Diet-related diseases account for a large portion of health-care costs in Switzerland, namely around CHF 20 billion per year. Even though many know full well what and how much they should eat, this knowledge is frequently ignored when choosing food. The National Research Programme "Healthy Nutrition and Sustainable Food Production" (NRP 69) explores new ways in which the Swiss population could be encouraged to adopt a healthier diet.
However, NRP 69 aspires not only to healthy, but also to environmentally-friendly food products. "This is the double challenge of the programme," says Fred Paccaud, Director of the Institute of Social and Preventive Medicine at the University Hospital in Lausanne and President of the Steering Committee of NRP 69. "We have to re-invent food production: less water and soil should be used to produce healthy and still affordable food."
How can we make dairy farms in Alpine regions more environmentally friendly? How does regional contract farming combine sustainability, solidarity and co-determination when connecting farmers and consumers? How can we prevent 40% of the Swiss potato harvest from being wasted each year?Removing barriers
The 21 research projects have been assigned a budget of CHF 11 million for the next five years. More detailed information about the projects and the organisation of NRP 69 can be found at www.nfp69.ch.
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Physicists have developed an innovative method that could enable the efficient use of nanocomponents in electronic circuits. To achieve this, they have developed a layout in which a nanocomponent is connected to two electrical conductors, which uncouple the electrical signal in a highly efficient manner. The scientists at the Department of Physics and the Swiss Nanoscience Institute at the University of Basel have published their results in the scientific journal “Nature Communications” together with their colleagues from ETH Zurich.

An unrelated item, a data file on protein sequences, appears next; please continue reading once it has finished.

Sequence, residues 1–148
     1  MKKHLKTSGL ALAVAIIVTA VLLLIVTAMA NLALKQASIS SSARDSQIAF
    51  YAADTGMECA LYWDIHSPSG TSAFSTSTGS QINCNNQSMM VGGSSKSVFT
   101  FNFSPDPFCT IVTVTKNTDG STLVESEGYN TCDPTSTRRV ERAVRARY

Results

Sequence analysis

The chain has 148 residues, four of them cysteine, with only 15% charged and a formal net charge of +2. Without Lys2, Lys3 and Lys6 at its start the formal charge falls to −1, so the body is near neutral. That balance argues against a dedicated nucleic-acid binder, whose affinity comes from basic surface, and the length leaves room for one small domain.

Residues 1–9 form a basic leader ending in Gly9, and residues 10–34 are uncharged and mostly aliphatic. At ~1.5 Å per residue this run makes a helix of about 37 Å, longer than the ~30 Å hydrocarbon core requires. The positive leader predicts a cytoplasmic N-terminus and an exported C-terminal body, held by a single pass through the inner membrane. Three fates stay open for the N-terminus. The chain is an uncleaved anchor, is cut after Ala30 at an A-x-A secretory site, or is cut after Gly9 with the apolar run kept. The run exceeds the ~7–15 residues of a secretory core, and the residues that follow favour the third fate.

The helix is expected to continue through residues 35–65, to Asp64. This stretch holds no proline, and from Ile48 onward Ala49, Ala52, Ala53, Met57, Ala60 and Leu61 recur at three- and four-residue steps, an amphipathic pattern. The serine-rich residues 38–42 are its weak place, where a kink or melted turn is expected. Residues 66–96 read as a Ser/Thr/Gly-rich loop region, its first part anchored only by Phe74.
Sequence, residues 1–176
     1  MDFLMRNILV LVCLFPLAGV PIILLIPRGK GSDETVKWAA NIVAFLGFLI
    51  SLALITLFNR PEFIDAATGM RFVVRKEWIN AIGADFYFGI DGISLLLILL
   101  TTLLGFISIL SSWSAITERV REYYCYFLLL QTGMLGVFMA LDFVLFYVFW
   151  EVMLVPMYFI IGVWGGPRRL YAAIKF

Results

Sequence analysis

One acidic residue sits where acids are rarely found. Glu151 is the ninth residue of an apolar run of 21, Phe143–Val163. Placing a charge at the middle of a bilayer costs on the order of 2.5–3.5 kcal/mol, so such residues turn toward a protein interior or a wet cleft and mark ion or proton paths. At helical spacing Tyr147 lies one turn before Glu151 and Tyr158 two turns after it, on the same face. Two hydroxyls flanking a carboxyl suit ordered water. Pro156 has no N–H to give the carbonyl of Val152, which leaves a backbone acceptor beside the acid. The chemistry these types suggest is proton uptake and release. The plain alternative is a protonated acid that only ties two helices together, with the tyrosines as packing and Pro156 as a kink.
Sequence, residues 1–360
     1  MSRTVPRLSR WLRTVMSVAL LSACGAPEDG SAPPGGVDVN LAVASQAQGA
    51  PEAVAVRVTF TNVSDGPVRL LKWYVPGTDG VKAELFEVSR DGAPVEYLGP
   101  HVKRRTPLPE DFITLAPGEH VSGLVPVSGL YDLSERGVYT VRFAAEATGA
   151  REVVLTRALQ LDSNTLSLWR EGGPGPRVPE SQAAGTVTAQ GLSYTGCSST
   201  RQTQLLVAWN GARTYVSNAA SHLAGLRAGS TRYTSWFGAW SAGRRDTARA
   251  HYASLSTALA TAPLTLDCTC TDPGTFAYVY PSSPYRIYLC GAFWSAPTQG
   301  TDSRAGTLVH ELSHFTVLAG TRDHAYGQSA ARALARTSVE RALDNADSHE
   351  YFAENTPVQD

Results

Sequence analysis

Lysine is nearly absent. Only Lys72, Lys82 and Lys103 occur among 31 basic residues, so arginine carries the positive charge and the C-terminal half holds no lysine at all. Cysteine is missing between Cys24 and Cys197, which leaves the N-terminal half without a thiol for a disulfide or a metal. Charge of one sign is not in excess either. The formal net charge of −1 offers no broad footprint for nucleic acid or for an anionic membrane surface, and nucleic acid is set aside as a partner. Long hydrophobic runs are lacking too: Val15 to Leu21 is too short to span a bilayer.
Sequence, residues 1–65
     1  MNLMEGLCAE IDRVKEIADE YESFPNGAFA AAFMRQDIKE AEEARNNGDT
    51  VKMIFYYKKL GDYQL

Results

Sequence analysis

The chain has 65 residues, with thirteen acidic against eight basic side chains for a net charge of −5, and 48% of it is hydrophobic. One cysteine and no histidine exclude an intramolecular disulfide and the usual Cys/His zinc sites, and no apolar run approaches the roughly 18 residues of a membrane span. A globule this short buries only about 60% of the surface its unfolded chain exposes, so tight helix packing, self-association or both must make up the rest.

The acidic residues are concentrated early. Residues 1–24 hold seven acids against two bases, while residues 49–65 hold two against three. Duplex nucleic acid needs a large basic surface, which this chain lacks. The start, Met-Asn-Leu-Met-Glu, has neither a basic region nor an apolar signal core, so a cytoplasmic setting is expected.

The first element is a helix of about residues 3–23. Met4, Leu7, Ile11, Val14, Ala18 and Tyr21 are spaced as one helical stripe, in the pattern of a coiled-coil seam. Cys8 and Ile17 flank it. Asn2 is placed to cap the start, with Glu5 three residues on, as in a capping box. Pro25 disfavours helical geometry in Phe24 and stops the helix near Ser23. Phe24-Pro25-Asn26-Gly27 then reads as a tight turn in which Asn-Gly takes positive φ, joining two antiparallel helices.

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Development and implementation of an advanced automobile parking navigation platform for parking services
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The world's first electrical car and passenger ferry powered by batteries has entered service in Norway. The ferry only uses 150 kWh per route, which...
On Tuesday, 19 May 2015 the research icebreaker Polarstern will leave its home port in Bremerhaven, setting a course for the Arctic. Led by Dr Ilka Peeken from the Alfred Wegener Institute, Helmholtz Centre for Polar and Marine Research (AWI) a team of 53 researchers from 11 countries will investigate the effects of climate change in the Arctic, from the surface ice floes down to the seafloor.
RV Polarstern will enter the sea-ice zone north of Spitsbergen. Covering two shallow regions on their way to deeper waters, the scientists on board will focus...
Nanoengineers at the University of California, San Diego developed a gel filled with toxin-absorbing nanosponges that could lead to an effective treatment for skin and wound infections caused by MRSA (methicillin-resistant Staphylococcus aureus), an antibiotic-resistant bacteria. This "nanosponge-hydrogel" minimized the growth of skin lesions on mice infected with MRSA - without the use of antibiotics. The researchers recently published their findings online in Advanced Materials.
To make the nanosponge-hydrogel, the team mixed nanosponges, which are nanoparticles that absorb dangerous toxins produced by MRSA, E. coli and other...
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22.05.2015 | Materials Sciences